New Delhi, (Asian independent) In the annals of Indian sports, December 3 assumes a lot of significance. The date marks the death anniversary of hockey wizard Dhyan Chand, the winner of three Olympic gold medals, and the birth anniversary of Ramakant Achrekar, the cricket coach who moulded icon Sachin Tendulkar.
The two legends were born 27 years apart, with Dhyan Chand being the elder; he was born on August 29, 1905. Achrekar was born on December 3, 1932, and died on January 2 last year, 40 years after the hockey magician. It is, however, not known if the two ever met.
While Dhyan Chand’s anniversary was observed in several cities across the country on Thursday, one of Achrekar’s most successful pupils, former India Test batsman Indian Pravin Amre said that his coach’s anniversary is not celebrated, except when his students pay respects on Guru Purnima, the day people pay tribute to their teachers.
Blood donation, recalling of personal anecdotes of Dhyan Chand, and religious functions in various parts of India marked the 41st death anniversary of the former national captain. The mobile phone of former India hockey captain Ashok Kumar, who is Dhyan Chand’s son, was inundated with all kinds of messages, including nostalgic ones.
“I have received scores of messages on my mobile since morning from all over the country. People organised events in different cities – Amravati, Bhopal, Betul, Ayodhya, and Jhansi, our home town,” Ashok Kumar, who scored the title-winning goal in the 1975 World Cup final, told IANS.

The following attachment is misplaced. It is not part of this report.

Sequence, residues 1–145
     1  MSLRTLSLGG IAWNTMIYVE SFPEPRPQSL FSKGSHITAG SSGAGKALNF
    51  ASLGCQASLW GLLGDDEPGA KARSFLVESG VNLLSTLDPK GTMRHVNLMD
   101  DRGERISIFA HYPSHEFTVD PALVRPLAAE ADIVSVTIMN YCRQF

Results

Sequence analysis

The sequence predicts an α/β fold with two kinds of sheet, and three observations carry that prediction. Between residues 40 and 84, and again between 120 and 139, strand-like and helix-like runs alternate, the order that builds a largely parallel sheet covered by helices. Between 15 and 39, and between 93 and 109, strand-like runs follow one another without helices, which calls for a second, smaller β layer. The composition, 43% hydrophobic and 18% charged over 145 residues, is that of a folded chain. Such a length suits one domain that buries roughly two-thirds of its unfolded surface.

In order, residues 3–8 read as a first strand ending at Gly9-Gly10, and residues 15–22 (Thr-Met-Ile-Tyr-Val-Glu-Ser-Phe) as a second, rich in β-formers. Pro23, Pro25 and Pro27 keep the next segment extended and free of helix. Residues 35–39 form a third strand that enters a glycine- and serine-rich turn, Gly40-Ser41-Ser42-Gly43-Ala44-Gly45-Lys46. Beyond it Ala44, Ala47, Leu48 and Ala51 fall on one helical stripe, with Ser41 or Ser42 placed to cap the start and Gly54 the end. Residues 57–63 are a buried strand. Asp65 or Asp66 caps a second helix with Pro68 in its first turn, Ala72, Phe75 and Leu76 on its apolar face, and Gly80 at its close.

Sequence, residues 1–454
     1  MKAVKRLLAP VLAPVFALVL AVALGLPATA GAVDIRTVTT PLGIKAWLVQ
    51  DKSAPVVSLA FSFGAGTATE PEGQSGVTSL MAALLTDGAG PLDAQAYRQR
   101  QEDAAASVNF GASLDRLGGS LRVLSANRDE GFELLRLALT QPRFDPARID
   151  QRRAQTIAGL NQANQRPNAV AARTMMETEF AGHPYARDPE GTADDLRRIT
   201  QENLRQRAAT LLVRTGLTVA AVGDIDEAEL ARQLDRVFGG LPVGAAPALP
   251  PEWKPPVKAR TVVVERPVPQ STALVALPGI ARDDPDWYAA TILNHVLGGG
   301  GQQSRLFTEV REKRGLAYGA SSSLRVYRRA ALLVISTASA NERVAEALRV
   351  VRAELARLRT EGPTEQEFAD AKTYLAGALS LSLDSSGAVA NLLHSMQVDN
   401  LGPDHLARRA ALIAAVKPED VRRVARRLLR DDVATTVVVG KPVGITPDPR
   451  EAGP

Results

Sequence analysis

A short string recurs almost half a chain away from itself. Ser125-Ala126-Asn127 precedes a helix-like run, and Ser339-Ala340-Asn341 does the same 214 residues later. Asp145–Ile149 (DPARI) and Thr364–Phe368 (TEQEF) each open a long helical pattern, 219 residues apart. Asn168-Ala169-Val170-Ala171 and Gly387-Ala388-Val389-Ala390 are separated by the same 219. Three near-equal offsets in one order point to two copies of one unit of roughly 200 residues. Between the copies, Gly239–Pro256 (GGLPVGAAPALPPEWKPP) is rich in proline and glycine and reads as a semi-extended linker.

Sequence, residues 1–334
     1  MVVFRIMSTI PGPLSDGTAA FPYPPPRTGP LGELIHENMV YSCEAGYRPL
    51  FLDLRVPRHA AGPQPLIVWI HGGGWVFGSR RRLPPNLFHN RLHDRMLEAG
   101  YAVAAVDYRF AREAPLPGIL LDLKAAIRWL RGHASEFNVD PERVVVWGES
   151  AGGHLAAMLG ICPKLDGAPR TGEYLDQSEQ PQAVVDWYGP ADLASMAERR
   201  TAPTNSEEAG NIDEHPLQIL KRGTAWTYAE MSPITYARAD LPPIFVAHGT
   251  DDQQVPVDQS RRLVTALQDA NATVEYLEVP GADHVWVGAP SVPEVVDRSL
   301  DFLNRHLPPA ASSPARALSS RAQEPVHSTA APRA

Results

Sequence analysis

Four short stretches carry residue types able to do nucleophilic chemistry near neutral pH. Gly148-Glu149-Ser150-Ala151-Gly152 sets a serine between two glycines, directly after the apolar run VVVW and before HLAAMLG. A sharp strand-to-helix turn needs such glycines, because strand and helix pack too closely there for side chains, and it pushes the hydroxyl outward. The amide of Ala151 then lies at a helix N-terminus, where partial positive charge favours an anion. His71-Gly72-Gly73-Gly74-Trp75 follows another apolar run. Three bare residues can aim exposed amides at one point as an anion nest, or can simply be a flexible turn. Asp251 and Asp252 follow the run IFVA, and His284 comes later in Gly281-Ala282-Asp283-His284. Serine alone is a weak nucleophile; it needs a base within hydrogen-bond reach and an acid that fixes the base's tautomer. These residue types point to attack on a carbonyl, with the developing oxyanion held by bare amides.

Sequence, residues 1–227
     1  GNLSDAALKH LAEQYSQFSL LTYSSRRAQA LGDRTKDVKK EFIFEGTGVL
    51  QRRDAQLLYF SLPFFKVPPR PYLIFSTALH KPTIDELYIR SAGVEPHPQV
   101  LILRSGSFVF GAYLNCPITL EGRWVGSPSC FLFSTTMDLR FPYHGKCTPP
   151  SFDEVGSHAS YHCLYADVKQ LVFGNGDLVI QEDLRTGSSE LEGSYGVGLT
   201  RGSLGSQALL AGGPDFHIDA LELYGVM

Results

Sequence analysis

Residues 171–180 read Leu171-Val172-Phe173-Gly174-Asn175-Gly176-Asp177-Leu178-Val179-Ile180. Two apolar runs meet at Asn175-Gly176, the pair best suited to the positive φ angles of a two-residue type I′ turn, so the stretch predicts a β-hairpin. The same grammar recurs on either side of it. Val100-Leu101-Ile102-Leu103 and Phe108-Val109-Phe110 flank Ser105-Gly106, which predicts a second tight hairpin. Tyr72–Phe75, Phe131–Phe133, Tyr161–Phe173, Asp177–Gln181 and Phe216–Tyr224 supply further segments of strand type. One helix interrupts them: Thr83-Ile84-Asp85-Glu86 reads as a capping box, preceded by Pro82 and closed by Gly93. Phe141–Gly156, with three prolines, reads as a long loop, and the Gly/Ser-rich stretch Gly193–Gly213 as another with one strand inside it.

“Like always, puja was performed at our home in Jhansi. Also, the Vyapar mandal of Jhansi went to father’s samadhi at Jhansi Heroes ground, where his funeral was held, and paid their respect. In Ayodhya, a blood donation camp was organised by a local organisation in father’s memory. Then, events were held in Bhopal and Betul, both in Madhya Pradesh, and Amravati as well,” informed the 70-year-old Ashok Kumar.
Dhyan Chand died in the early hours of December 3, 1979, at the All India Institute of Medical Sciences (AIIMS) in New Delhi, and his body was taken in a helicopter to his hometown Jhansi. But the helicopter came only after Ashok Kumar underwent some anxious moments as he went out of the hospital looking for a vehicle that could carry the body of his illustrious father to Jhansi for the funeral.
“By the time I returned from Pusa Road with the vehicle, word had spread that the hockey wizard had departed and a crowd had gathered at AIIMS. The central government also heard the news through the Indian Hockey Federation, probably, and provided a helicopter to take the body to Jhansi,” recalled Ashok Kumar.
Just like the government of the day at the time of his death did not initially care for the legend — it provided the helicopter only under public pressure — successive governments have ignored the late Dhyan Chand’s rightful claim to the Bharat Ratna.
Interestingly, Achrekar’s best known pupil, Tendulkar, received the well-deserved Bharat Ratna in 2014. Many experts, however, feel that while the batting maestro deserved the award, the government should have first decorated Dhyan Chand with it.
Amre, who played 11 Tests and 37 ODIs between 1991 and 1994 and was one of the most famous pupils of Achrekar after Tendulkar, said there were no functions in Mumbai on the occasion of his coach’s 88th birth anniversary.
“We never celebrate the birthday or birth anniversary of Achrekar sir. So, there were no events here in Mumbai today as well. We the students of sir only pay our respects to him on the occasion of Guru Purnima, when teachers are honoured. Only once did we celebrate his birthday in a big way about six-seven years ago at Shivaji Park here in Mumbai. About eight Test players and 30 Ranji Trophy players produced by sir attended that function,” Amre told IANS.